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Angel Notebook : A Bear of a Game: Cubs Get 14 Hits to Win, 9-1

Times Staff Writer

Doug Rader kept staring at the scoreboard beyond the outfield fence at Angels Stadium Thursday afternoon, as if the numbers were going to change.

Cubs 9, Angels 1. Fourteen hits by the visitors. Three errors by the home team.

“What a day,” Rader said with a sigh.

“I guess the highlight was Lance Parrish’s slide into second base,” he added, recalling how his catcher had broken up a double play in the second inning.

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“That’s lunging a little, isn’t it?”

The Angel manager had just watched his pitching staff absorb another pounding, with starter Kirk McCaskill unable to complete his scheduled six-inning round and reliever Stewart Cliburn knocked around for five runs in the seventh inning.

By day’s end, the team’s earned-run average was 5.01. During the club’s first week here, the Angels have won games by scores of 9-8, 7-6, 7-6 and 4-3--and have lost games by scores of 12-7, 3-2 and 9-1.

The individual ERAs of the projected rotation: Mike Witt 3.86; Bert Blyleven 4.29; Chuck Finley 4.50; Dan Petry 12.71; McCaskill 4.79.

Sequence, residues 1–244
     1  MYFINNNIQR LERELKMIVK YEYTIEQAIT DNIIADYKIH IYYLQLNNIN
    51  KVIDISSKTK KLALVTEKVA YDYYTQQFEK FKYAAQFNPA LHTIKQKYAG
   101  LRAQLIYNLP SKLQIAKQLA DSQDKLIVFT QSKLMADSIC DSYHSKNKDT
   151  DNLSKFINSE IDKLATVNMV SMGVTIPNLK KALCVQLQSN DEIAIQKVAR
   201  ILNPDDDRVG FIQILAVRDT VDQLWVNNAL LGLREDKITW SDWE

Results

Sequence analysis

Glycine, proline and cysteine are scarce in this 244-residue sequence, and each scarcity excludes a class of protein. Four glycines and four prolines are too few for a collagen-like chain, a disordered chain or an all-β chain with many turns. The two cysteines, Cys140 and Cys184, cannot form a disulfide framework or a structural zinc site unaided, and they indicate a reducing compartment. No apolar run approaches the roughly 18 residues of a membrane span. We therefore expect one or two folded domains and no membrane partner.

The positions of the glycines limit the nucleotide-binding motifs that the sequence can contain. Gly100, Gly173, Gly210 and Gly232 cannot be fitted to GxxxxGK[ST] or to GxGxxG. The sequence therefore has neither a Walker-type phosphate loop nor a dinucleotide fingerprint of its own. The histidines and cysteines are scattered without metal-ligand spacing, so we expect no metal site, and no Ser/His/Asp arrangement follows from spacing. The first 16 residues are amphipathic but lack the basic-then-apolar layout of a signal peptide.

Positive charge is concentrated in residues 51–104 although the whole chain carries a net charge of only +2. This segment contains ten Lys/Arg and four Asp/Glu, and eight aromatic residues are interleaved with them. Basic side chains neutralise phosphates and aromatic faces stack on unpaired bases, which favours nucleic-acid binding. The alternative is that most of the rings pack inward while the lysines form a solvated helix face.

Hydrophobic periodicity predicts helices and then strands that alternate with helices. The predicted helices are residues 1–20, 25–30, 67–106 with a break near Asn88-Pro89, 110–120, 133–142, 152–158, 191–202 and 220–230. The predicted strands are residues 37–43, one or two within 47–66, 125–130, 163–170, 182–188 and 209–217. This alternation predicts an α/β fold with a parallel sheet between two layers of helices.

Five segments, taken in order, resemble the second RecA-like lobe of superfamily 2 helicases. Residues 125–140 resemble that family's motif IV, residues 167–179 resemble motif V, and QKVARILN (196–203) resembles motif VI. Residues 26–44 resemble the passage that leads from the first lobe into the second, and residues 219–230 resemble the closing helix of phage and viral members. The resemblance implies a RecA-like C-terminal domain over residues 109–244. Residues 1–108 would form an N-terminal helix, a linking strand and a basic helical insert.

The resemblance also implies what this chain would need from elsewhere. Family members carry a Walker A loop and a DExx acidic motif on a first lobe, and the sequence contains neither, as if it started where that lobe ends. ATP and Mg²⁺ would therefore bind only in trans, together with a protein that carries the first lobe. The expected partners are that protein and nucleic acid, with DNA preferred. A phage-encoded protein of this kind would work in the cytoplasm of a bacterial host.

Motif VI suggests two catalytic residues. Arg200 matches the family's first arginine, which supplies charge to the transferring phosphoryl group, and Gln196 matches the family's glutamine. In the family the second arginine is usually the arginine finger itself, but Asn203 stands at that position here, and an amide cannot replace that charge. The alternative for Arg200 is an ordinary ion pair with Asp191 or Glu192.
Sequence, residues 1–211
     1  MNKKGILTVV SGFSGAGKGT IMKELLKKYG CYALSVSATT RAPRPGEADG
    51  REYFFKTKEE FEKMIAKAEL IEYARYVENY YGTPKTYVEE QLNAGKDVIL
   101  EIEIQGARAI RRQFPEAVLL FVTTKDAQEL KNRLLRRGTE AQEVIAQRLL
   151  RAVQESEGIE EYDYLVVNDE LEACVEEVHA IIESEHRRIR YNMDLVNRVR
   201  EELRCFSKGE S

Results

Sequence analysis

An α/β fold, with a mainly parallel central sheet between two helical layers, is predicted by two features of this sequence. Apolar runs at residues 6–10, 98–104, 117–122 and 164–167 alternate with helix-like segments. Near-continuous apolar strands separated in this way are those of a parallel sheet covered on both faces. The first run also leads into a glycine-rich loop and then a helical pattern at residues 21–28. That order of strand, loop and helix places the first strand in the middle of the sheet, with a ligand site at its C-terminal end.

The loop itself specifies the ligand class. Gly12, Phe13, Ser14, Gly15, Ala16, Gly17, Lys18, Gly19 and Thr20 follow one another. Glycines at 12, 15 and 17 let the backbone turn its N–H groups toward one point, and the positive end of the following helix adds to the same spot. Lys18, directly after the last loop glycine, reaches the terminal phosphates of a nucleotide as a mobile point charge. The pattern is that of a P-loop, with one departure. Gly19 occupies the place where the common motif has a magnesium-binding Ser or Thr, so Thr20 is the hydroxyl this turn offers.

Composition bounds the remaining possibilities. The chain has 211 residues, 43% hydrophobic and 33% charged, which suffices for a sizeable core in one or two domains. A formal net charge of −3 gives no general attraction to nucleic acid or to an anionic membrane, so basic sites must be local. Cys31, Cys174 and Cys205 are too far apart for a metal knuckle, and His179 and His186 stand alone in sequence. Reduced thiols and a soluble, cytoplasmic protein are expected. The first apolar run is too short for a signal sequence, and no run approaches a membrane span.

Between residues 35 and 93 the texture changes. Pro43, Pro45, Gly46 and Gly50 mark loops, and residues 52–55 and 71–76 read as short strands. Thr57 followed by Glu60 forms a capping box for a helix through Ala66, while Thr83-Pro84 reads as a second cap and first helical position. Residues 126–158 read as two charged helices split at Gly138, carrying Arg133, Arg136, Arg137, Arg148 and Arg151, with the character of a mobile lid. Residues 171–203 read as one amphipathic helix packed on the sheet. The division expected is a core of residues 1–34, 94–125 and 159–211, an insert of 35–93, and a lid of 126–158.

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The individual ERAs of the projected bullpen behind Bryan Harvey: Willie Fraser 4.15; Greg Minton 5.63; Bob McClure 0.96; Cliburn 5.40.

Rader was asked if the numbers were starting to affect his blood pressure.

“No, that really doesn’t trouble me,” he insisted. “I’ve got an awful lot of confidence in the real nucleus of our pitching staff, the people who are pitching the greatest number of innings.

“Spring training ERAs are a little bit misleading. I really think there are two things to keep in mind--one, you’ll never score as many runs during the season as you do in the spring, and, two, you’ll never give up as many runs.

“The higher ERA generally reflects on three or four people, and if those people are vying for jobs, that doesn’t speaking highly for their chances.”

Include Cliburn in the latter category. The lone holdover from last season’s opening-day bullpen, Cliburn was victimized by weak defense Thursday--one of the five runs he allowed was earned--but still looked ragged to Rader.

“He got the ball up,” Rader said. “When Stu gets hurt, it’s because of (pitch) location. Some people can get away with the ball up there, but Stu’s not one of them.”

Did the outing dash Cliburn’s chances of retaining his long-relief position?

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“I don’t think it can be that final. That would not be fair,” Rader said. “But, in all honesty, it certainly doesn’t help.”

And McCaskill, who threw 105 pitches in 5 2/3 innings, surrendering four runs in the process?

“We all know he was behind in the count too much,” Rader said. “It seemed he was pitching to every hitter, three-and-one, three-and-two. Pitching like that is a difficult proposition. No, it’s stronger than that--impossible.

“But he’s a tough kid and a competitor by nature. Generally, those kind of people find a way. I have a great deal of confidence he’ll solve the riddle.”

Only 11 more solving days until the season opener.


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